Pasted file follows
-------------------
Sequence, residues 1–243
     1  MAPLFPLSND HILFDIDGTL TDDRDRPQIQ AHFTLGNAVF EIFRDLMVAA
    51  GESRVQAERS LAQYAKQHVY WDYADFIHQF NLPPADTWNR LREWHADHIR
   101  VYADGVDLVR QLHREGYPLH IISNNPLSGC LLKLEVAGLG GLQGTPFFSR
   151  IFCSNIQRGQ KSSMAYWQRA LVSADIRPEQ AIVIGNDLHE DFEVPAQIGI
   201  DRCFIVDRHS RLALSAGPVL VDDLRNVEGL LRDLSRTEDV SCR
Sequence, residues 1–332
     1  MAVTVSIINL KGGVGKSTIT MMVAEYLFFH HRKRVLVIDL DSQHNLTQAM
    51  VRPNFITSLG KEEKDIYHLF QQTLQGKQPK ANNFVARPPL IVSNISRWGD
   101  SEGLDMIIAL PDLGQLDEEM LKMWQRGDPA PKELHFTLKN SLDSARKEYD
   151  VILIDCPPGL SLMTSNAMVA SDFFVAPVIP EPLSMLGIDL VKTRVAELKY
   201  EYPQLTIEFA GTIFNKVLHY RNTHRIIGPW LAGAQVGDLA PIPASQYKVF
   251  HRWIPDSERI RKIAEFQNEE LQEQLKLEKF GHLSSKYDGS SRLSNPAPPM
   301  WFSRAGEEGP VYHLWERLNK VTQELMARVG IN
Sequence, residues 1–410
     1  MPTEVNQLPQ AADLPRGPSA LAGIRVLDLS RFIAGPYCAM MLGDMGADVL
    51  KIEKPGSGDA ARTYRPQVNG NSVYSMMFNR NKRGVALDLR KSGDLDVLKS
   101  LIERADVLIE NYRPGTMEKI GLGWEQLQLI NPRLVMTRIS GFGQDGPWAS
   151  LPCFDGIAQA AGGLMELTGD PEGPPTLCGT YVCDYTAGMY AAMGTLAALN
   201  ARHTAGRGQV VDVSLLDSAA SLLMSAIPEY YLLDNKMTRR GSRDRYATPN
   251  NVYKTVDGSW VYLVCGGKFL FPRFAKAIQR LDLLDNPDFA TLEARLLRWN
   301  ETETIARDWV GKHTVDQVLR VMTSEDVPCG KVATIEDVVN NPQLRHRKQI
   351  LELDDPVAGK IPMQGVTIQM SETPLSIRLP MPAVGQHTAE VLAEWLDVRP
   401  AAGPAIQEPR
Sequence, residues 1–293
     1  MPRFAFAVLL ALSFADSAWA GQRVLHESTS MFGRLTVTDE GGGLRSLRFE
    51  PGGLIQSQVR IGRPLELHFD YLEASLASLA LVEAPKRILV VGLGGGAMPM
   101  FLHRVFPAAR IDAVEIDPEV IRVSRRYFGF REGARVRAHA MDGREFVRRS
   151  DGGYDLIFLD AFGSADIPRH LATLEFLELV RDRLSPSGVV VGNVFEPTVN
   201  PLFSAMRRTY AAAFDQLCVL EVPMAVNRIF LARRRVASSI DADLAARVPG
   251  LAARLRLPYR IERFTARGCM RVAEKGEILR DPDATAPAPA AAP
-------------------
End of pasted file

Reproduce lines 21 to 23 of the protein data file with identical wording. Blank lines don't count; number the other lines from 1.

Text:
   251  NVYKTVDGSW VYLVCGGKFL FPRFAKAIQR LDLLDNPDFA TLEARLLRWN
   301  ETETIARDWV GKHTVDQVLR VMTSEDVPCG KVATIEDVVN NPQLRHRKQI
   351  LELDDPVAGK IPMQGVTIQM SETPLSIRLP MPAVGQHTAE VLAEWLDVRP